• Fair skin: Having less pigment (melanin) in your skin means you have less protection from damaging UV radiation. If you have blond or red hair, light-colored eyes, and you freckle or sunburn easily, you’re more likely to develop melanoma than is someone with a darker complexion. But melanoma can develop in people with skin of color.
  • A history of sunburn: One or more severe, blistering sunburns as a child or teenager can increase your risk of melanoma as an adult.
  • Excessive ultraviolet (UV) light exposure: Exposure to UV radiation, which comes from the sun and from tanning beds, can increase the risk of skin cancer, including melanoma.
  • Living closer to the equator or at a higher elevation: People living closer to the earth’s equator, where the sun’s rays are more direct, experience higher amounts of UV radiation, as compared with those living in higher latitudes. In addition, if you live at a high elevation you’re exposed to more UV radiation.
  • Having many moles or unusual moles: Having more than 50 ordinary moles on your body indicates an increased risk of melanoma: Also, having an unusual type of mole increases the risk of melanoma. Known medically as dysplastic nevi, these tend to be larger (greater than 1/5 inch or 5 millimeters) than normal moles and have irregular borders and a mixture of colors.
  • A family history of melanoma: If a close relative, such as a parent, child or sibling, has had melanoma, you have a greater chance of developing it too.
  • Weakened immune system: People with weakened immune systems have an increased risk of skin cancer. This includes people who have HIV/AIDS and those who have undergone organ transplants.

Though Melanoma is the deadliest of skin cancers, the rate for survival significantly improves with early detection. It is important to become familiar with the appearance of your freckles, moles, spots and other skin markings so that you are able to identify changes should they occur.  During your self-examination, watch for changes in the size, texture, or color of moles, freckles or spots,  shiny pink or red lesions that appear suddenly or slowly grow in clusters, or a sore that does not heal.  A spot or growth that continues to itch, hurt, crust, scab, fade, or bleed can also be a warning sign that will require a visit to your dermatologist.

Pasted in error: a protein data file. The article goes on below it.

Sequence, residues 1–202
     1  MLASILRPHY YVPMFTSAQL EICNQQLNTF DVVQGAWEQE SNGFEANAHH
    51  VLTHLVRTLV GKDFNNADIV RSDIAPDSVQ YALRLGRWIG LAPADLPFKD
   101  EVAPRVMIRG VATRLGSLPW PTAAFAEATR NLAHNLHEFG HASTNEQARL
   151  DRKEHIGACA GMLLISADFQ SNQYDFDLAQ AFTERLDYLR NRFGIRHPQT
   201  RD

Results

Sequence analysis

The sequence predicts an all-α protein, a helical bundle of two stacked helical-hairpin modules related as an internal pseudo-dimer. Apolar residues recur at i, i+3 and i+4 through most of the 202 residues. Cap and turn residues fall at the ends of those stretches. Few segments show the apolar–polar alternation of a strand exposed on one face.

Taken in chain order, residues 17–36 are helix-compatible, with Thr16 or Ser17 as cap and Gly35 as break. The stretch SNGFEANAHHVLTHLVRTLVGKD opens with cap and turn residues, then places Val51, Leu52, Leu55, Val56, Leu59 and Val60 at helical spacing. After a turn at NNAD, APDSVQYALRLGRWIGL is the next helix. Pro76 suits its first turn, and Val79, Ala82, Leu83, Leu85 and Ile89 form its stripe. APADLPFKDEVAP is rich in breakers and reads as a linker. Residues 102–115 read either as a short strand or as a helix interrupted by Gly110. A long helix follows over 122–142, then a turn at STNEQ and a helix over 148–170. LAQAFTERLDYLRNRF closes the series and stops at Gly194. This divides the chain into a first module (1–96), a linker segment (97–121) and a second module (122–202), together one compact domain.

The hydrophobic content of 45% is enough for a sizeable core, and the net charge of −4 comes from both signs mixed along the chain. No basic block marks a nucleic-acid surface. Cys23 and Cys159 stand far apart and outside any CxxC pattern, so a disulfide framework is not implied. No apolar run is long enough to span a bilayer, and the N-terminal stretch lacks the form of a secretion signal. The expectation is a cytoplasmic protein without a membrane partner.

Through-out the year there are free skin cancer screenings available through the American Academy of Dermatology.  Information on these local screenings can be found at www.aad.org/public/exams/screenings/index.html.

To reduce your chances of developing skin cancer, Dr. Castillo, Medical Director of Cosmetic Plastic Surgery Clinic suggests following these simple sun safety rules:

  • Sun rays are the strongest between the hours of 10 AM – 4 PM, avoid exposing your skin during these times whenever possible.
  • Practice the Australian slogan – “SLIP, SLOP, SLAP & WRAP” – slip on a shirt, slop on some sunscreen, slap on a hat and wrap-around sunglasses.
  • Choose a sunscreen that is labeled “broad-spectrum” UVA/AVB protection. The ingredient label should list titanium dioxide or micronized zinc oxide, 4% of higher and an SPF of 45 or higher.
  • Most rays can penetrate through the clouds, so use sunscreen every day of the year, even on cloudy days.
  • Re-apply sunscreen every 2 hours, while exposed to the sun.
  • UVA rays are highly present all year, even on snowy or cloudy days. These rays penetrate deeper into the skin than UVB rays. Therefore, UVA rays may not give us the signal (red, tanned skin…) that we have been over-exposed to the sun. Remember, UVA rays can penetrate car windows and loose woven clothing as well. It is important to use sunscreens on exposed skin all year round.
  • Keep skin well hydrated by drinking plenty of water and using quality moisturizing skin care products. Dry skin is more easily affected by the sun.

For Children Under One Year Of Age:

  • Babies need extra protection from the sun, even if they have naturally dark skin.
  • Keep them out of direct sun light; use shaded areas, an umbrella, or stroller canopy.
  • Dress them in light weight clothing that covers the whole body. Use a wide brim hat to protect their ears and face.
  • When applying a sunscreen, apply a small amount to a limited area and watch for a reaction before continuing to apply it all over an infant. Choosing a physical sun block with titanium dioxide or micronized zinc oxide, rather than a chemical sunscreen may help to avoid a skin reaction.

As the Medical Skincare and Laser Specialist for Cosmetic Plastic Surgery and Skin Restoration Center, I am available to answer any additional questions regarding sun-protection you may have. You may contact me at both our Savoy (Champaign-Urbana area) and Bloomington, Illinois locations.

Savoy location at 217-359-7508
Bloomington location at 309-662-0436

Roxanne Hammond, RMA
Skincare and Laser Specialist
G. D. Castillo, M.D.
COSMETIC PLASTIC SURGERY